Also here is a link to a forum page for you to post comments, design questions, and see how other people fix their watering  problems.






Article #2

Last week we began preparing for the 50 meat chickens we were about to get in the mail. We hit the farm supply store to get two new feed troughs and waterers. As I was looking at the metal waterers, I noticed the price tag. each! Yikes! I had two at home for the laying chickens. Had I, in my new-chicken-owner stupor in February, really bought two of these things for ?!?!

Well, being smarter (hah!) and wiser (um, right), I decided to try to make waterers myself. I mean, how hard can it be?

It turns out, not hard at all.

First, I grabbed a few old 5 gallon buckets we had laying around. I had gotten them for free from a restaurant in Colorado. Now, for this to work, they must have a lid which, thankfully, mine did. I measured the diameter of the top of the bucket (with the lid on) and found it to be around 10 inches.

Next, I bought a flower pot base bigger than the bucket diameter. You know, the little dishes that sit under the pot to catch the excess water? The only size I could find was about 12 inches. I really wanted 16 inches but after looking at two different stores, I took what I could find. Each base cost me .88.

Those are all the supplies you need! Now, here’s how we made it.

1) Put the lid on the bucket and turn the bucket upside down in the base. Mark a spot on the bucket that is under the rim of the base but high enough to fill the base so the chickens have enough to drink.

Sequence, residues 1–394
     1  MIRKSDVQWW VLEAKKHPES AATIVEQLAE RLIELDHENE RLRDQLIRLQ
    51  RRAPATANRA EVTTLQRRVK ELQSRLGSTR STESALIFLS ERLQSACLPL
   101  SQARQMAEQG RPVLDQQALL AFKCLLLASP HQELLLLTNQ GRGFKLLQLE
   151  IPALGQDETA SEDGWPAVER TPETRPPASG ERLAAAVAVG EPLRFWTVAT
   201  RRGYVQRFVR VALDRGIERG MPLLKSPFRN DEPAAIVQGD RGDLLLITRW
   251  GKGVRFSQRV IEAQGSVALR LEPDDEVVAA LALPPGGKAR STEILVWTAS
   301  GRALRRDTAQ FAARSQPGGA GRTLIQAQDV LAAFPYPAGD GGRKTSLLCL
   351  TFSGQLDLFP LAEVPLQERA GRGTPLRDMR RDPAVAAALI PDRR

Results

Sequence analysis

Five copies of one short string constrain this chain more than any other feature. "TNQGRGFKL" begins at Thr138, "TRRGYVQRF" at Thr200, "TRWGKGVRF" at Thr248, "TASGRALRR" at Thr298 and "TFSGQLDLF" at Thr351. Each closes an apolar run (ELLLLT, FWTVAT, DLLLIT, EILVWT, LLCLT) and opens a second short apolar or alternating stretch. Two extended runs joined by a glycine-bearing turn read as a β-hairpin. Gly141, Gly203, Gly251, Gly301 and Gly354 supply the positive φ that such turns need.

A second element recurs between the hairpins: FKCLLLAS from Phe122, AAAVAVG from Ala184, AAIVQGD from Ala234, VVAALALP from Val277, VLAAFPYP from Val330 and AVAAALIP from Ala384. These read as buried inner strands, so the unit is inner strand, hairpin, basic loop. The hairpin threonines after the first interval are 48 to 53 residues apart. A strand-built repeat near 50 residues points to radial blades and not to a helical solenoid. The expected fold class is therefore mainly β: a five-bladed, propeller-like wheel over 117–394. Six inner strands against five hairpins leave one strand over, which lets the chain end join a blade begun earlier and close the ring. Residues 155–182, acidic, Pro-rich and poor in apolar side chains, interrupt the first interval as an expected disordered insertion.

2) Using a 1/2 drill bit, drill the hole where you marked.

3) Fill the bucket with water and put the lid on.

4) Turn the bucket upside down in the dish. The water will fill the dish until it covers the hole and then it will stop.

5) That’s all – you’re done! Stand back and congratulate yourself on saving !

I test-drove it on my laying hens and they love it. It’s funny that, even with their two waterers, they go to this one first every time.

The only thing I would still like to do is get the handle up out of the way. It doesn’t stop the chickens from drinking but my slightly perfectionist persona can’t handle it not being finished properly. I’m thinking a bungee cord would keep it up nicely and still let me easily get to the handle to use it when I fill the waterer.

And just a side note: When I was researching how to do this, I wondered, “Do I REALLY need to have a lid and put the bucket upside down?” For once in my life, I decided to just follow directions because I only have a few buckets and I’d hate to waste even one. (Who knew that buckets were such a useful homestead tool??) The reason is this: You need the air pocket that the bottom of the bucket provides when turned upside down to create a vacuum for the water to automatically refill when it gets below the hole. And that’s the extent of my knowledge on the subject. I figured as long as it works I’m not too worried about why and how.

money pit